Don't look at Milwaukee's 5-1 record going into last night's game against Utah as an indication of what Mason gives the Bucks.
Look at the box score from Wednesday's victory over the Washington Wizards, and listen to what Mason said afterward.
In 36 minutes, Mason didn't attempt a single shot. In fact, the only shot he took came after the game in the team's dressing room.
Asked if he is still finding his way with the offense, Mason said, "I know all the plays."
But it seemed apparent that the veteran forward is still not comfortable with the offensive philosophy of a team built around the perimeter shooting of All-Stars Ray Allen and Glenn Robinson, as well as point guard Sam Cassell.
Said Mason, who joined the team late in training camp after signing a four-year deal worth about $18 million: "I play to a rhythm and try to play the right way. You can't be throwing it inside after nine or 10 possessions. We're trying to win a certain way, but I don't know how you can be a championship team without any inside game."
Coach George Karl had hoped that Mason would give the Bucks an inside toughness they have lacked in the past. But aside from defense and rebounding, what Karl hoped Mason would bring was an interior scorer and passer.
So far, the only thing the seriously overweight Mason has given the Bucks is another quirky ego for Karl to massage.
"Mase has been great," Karl said, likely repeating what some of Mason's other coaches proclaimed during his 12-year career spent mostly in New York, Charlotte and Miami. "Right now, he isn't in shape. But he has done something that not many players have. He wanted to play in Milwaukee."
Not that Mason had many choices. After the Heat decided not to re-sign him, Mason and his agent stated that he would not accept anything less than what he eventually got from the Bucks.
But Milwaukee didn't have much of a choice, either.
"We had to make a statement that we would do what other teams have done to stay competitive on the floor," Allen said.
Is Mason the missing piece?
Said Mason: "I'm the missing piece as long as they use me the right way. I'm not complaining, as long as we're winning."
Many believe the only thing that will prevent the Lakers from winning a third straight championship is an injury to Kobe Bryant or Shaquille O'Neal, or the kind of fractured relationship between the two stars that nearly imploded the team last season.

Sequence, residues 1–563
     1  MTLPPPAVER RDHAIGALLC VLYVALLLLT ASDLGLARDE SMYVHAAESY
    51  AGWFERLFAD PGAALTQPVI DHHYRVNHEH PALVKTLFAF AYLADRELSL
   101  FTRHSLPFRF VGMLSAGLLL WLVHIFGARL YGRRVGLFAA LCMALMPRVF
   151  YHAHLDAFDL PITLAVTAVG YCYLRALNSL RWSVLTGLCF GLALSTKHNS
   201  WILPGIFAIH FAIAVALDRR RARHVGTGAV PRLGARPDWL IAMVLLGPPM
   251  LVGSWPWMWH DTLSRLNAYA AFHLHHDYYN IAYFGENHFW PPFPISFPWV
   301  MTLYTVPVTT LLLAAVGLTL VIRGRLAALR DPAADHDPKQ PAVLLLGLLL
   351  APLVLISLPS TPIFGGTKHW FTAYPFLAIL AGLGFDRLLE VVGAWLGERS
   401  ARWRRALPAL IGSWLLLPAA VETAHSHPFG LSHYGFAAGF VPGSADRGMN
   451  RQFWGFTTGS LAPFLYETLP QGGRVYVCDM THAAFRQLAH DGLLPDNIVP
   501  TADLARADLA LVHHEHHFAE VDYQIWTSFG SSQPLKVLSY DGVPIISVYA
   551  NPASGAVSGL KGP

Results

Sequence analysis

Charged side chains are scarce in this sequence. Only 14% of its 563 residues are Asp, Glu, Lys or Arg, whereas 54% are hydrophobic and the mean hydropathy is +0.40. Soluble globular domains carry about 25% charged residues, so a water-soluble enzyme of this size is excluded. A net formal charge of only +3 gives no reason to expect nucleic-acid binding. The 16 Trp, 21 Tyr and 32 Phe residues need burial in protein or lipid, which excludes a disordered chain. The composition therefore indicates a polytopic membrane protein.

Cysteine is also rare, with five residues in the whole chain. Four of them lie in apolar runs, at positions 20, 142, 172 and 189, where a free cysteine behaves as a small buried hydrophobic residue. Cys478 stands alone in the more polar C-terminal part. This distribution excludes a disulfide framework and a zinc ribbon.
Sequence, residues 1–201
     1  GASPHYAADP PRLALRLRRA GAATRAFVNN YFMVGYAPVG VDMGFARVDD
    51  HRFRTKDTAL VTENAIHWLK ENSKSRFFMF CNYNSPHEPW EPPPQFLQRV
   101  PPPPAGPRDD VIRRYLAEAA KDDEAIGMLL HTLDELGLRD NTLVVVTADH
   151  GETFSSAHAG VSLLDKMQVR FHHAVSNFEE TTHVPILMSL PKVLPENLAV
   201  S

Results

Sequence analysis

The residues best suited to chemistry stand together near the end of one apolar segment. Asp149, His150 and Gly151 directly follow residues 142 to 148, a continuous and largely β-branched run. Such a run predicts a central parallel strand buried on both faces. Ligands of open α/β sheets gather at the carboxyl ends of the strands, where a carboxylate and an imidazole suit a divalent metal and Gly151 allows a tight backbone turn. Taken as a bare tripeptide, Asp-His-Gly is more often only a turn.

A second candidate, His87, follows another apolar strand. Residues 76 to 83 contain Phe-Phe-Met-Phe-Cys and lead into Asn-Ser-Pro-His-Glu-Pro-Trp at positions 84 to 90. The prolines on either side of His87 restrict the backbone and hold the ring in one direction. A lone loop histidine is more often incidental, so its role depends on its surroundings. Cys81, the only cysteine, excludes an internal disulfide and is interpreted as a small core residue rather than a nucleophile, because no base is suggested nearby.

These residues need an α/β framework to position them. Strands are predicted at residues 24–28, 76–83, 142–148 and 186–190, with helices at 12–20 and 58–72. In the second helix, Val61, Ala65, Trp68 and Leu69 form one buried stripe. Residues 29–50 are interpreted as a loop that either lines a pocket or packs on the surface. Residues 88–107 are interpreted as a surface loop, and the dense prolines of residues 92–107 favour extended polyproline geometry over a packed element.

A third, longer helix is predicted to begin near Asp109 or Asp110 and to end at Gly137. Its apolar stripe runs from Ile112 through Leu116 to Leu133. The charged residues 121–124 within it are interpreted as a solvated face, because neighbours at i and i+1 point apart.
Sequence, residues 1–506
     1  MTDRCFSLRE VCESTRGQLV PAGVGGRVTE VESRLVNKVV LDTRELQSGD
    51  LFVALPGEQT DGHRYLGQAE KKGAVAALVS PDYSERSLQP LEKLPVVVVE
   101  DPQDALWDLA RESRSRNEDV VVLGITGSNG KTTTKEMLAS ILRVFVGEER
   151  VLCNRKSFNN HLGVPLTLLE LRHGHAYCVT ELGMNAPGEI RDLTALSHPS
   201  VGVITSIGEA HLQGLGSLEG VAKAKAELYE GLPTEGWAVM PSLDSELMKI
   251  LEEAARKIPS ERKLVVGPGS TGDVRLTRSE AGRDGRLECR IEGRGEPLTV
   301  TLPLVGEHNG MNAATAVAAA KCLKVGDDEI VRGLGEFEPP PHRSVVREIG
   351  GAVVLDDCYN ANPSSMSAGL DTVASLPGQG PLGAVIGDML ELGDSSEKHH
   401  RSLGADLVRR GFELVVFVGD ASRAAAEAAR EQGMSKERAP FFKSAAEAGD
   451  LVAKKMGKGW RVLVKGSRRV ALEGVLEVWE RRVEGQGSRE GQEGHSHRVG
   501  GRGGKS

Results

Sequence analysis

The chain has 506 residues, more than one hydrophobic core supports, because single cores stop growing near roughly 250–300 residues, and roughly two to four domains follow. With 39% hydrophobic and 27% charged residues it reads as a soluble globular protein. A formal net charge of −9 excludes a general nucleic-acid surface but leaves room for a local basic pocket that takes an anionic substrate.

Now, there seems to be another factor that could impact this season. Despite a 7-1 start, there is a growing feud between O'Neal and Lakers coach Phil Jackson that could be merely a blip in the course of an 82-game season or could blow up into something more serious.
It started to simmer when Jackson questioned O'Neal's physical condition after his return from off-season foot surgery. It reached a boil last week when O'Neal took two days away from the team following the birth of his daughter, and Jackson fined last season's Most Valuable Player.
Initially, the fine was for two days, but even after reducing it to one because of what Jackson called a "miscommunication," it didn't satisfy O'Neal.
"There was no miscommunication," he said. "I'm taking care of business. When it comes to family, I don't have to call anybody. I'm not calling him."
Jackson, who has been known to needle his players in order to motivate them, was characteristically unfazed by the latest Shaq attack.
"Well, I don't spend a lot of time worrying about it, to be honest with you, because it's part and parcel with the personality," said the coach, who had to work through a squabble with Bryant last season. "I think that once he starts feeling better, he'll be fine and we'll be fine."
The rest of the NBA can only hope they don't.
Iverson is back
The return of Allen Iverson and Aaron McKie to the 76ers has quickly turned around the team's 0-5 start. Philadelphia had won four straight games through Friday night, and it doesn't seem to matter that Iverson is trying to shoot his way back into shape.
"From the outside, you would think: 'Allen gets 30 shots a game. What kind of team is that?' " said Matt Harpring, who was acquired from the Cleveland Cavaliers in the off-season. "When you're with this team, it's just part of him.
"This team has no egos. No one complains; everyone is fine with it. If he doesn't take 30 shots, we're like, 'Allen, why didn't you get 30?' He needs to take that [many] for us to be good. We don't have guys going home all mad that they didn't get 10 shots or 20 shots or whatever."
Forget the Lakers. They're in a class by themselves and should be judged differently. But how about the New Jersey Nets? Jason Kidd has made a huge difference since coming over for Stephon Marbury, and the Nets have gone from being a reflection of their former point guard (in other words, selfish) to their current one.
They were off to the best start in franchise history, 7-1, after Friday night's victory over the rival New York Knicks, and played host to the 76ers last night. Both were home games and could give an indication of what kind of season it will be in New Jersey.
Forget the Memphis Grizzlies. The folks in Vancouver now realize that it wasn't the city's fault. But how about the Utah Jazz? Except for a recent home win over Orlando, the Jazz continues to look like an over-35 team playing in an under-25 league. Jerry Sloan's team might know how to play, but when you get routed by the Atlanta Hawks, that's a bad omen.
Compiled from interviews, wire services and reports from other newspapers.